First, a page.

Polycultures and conservation: Three Sisters and 120 sweet potatoes. 


The British newspaper The Guardian highlights the work of Mexican farmers in the Yucatan region to preserve and use pre-Hispanic methods of agriculture, whose fundamentals are aligned with biomimicry (Imitation, re-connection with nature and an ethic that respects the environment). Beyond promoting sustainable food production milpa is a resource management system that has been practiced by Mayans for millennia. The project called Mestiza de Indias wants to revitalize these practices with the aim of generating an alternative on the peninsula of Yucatan, which has been adversely affected by national and international tourism, bringing among other things, high levels of plastic pollution.

The project farms use the combination of crops (polycultures) called the three sisters: Beans that act as a natural fertilizer, squash that maintains soil moisture allowing corn to grow. But this is only one stage of four that take place in a cycle of approximately 25 years and that involve other participants in the ecology of the place:

  • Stage 1: Corn, squash and beans are grown. Amongst the low shade produced by maize, tubers, grasses and other plants are also cultivated to ward off pests from the main crops.
  • Stage 2: Fast-producing fruit trees such as plantains, bananas, and papaya are cultivated among the three sisters, producing fruits within a year. Other slow-producing fruit trees are also cultivated, such as mangoes, avocados and guavas.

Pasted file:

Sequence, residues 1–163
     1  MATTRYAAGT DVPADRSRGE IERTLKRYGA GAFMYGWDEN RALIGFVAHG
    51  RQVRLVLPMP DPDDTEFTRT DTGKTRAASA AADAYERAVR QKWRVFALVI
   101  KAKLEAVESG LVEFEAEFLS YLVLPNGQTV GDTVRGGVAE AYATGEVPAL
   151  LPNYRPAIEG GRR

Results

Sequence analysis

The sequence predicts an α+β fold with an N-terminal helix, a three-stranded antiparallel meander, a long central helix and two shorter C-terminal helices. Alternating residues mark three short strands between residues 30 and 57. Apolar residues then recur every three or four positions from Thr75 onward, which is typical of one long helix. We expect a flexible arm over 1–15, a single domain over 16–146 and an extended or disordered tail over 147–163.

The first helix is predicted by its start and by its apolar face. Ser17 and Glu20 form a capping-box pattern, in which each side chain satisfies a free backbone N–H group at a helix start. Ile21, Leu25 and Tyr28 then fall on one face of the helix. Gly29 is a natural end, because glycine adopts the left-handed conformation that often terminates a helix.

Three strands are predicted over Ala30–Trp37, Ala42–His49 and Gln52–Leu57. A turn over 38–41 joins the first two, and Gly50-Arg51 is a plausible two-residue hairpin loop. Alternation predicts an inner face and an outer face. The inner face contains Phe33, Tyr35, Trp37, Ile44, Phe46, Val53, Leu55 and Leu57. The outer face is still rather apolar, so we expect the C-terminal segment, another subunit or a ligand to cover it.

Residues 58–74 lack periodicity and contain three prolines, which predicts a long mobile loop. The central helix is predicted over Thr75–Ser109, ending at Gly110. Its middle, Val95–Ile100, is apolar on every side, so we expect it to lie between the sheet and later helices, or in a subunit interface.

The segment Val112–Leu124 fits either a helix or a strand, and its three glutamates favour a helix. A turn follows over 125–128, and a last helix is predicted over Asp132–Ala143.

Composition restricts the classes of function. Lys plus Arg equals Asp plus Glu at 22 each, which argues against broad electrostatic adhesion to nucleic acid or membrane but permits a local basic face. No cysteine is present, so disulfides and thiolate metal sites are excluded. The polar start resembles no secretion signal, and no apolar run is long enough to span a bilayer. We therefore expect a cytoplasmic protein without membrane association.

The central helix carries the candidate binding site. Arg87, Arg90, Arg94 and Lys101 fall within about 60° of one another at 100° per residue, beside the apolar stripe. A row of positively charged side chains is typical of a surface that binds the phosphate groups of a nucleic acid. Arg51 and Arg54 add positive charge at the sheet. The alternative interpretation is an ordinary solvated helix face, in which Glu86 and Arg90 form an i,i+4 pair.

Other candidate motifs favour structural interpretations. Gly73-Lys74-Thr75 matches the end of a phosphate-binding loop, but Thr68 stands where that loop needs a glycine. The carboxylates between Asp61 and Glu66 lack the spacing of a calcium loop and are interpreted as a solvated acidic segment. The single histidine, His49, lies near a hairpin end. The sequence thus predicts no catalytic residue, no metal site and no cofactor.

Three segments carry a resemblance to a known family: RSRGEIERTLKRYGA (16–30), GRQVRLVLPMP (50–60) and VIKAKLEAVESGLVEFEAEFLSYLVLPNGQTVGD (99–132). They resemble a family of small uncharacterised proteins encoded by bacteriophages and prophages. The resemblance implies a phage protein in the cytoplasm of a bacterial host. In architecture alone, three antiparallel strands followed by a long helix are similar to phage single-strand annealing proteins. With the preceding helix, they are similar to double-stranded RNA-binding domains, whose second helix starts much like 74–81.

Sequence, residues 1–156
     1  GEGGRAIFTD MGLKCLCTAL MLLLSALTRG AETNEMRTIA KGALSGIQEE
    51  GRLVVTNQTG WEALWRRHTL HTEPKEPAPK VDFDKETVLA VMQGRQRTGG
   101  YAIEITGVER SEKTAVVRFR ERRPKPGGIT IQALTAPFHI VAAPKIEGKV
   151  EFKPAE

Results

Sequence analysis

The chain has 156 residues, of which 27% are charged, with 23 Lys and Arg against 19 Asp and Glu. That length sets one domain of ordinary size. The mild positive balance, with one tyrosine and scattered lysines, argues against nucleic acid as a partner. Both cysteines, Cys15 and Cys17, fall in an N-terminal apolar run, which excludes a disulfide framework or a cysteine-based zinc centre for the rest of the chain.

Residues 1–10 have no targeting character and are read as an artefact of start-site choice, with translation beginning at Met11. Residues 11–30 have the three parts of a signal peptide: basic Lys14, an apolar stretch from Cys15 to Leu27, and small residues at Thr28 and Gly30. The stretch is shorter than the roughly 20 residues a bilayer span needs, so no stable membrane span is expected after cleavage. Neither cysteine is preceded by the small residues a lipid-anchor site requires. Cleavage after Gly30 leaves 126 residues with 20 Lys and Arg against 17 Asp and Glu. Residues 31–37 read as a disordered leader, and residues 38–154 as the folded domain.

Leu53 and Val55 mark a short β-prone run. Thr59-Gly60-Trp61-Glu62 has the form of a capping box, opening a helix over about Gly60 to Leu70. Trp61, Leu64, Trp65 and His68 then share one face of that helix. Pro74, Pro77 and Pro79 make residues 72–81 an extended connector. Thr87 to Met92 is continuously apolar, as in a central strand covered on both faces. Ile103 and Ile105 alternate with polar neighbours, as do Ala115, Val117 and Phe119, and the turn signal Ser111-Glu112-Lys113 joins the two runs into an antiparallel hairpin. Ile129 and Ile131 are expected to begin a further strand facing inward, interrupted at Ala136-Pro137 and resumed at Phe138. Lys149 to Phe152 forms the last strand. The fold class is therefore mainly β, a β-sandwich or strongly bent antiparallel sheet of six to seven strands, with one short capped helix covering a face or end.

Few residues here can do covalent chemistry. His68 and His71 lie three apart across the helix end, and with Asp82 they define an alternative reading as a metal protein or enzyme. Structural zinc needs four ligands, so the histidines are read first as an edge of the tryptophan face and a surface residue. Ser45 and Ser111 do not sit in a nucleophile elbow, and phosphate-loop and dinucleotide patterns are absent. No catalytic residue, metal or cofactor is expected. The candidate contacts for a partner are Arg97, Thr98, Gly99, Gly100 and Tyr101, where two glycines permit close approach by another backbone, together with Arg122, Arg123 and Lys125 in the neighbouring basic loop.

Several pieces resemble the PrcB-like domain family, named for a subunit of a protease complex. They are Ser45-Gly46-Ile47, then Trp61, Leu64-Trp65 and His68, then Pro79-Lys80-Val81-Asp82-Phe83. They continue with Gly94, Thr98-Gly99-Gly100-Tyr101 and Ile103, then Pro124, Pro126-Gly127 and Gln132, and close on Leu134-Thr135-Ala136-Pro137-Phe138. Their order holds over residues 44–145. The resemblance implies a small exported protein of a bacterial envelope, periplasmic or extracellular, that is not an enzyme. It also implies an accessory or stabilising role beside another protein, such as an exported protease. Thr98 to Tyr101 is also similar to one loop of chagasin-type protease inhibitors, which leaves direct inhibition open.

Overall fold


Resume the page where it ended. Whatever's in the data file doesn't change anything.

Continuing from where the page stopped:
• Stage 3: Slow-bearing fruit trees grow and produce fruit, providing new shade and blocking sunlight. Within these, trees such as cedar are planted so that they can mature for decades to come
  • Stage 4: The forest garden is transformed into a timber forest with excellent management. As these timber grow, they exceed the height of the fruit trees and begin to form a structure similar to the forest that had initially been cut to create the necessary space for stage 1.     

In this way, the system can produce different sources of food for the community. The farm is made up of 220 hectares, of which 80% is still jungle. In the words of the owners, “one of the biggest missions is to increase the visibility of ingredients among chefs while giving people local access to organic food".   

This system has the following principles of life described by biomimicry:  

  • Replicate strategies that work: Replicate how a forest is built over time.
  • Incorporates diversity: In the four stages different organisms are included.
  • Takes advantage of cyclical processes makes use of the cycles of water, nitrogen and carbon.
  • Uses locally available materials.
  • Cultivate cooperative relationships: The three sisters, fruit and timber trees cooperate with each other for their growth.
  • It is built from the bottom up: The construction of the forest is a natural process that begins with the selective planting of trees and fruit trees that grow progressively in stages.
  • Recycles materials: The residues of some organisms become raw materials for others.
  • Use low-energy processes: Instead of having to add fertilizers and pesticides to crops brought from far away, polyculture does not require their addition, or at least to a much lesser extent.
  • Decomposes products into benign constituents: As trees decompose, they produce nutrients for new members of the community or ecosystem.            

Finally, the project has recovered native potato species that are in danger of extinction. In total, 120 varieties have been cultivated for feeding the farm and for sale to different restaurants.

Source: The Guardian

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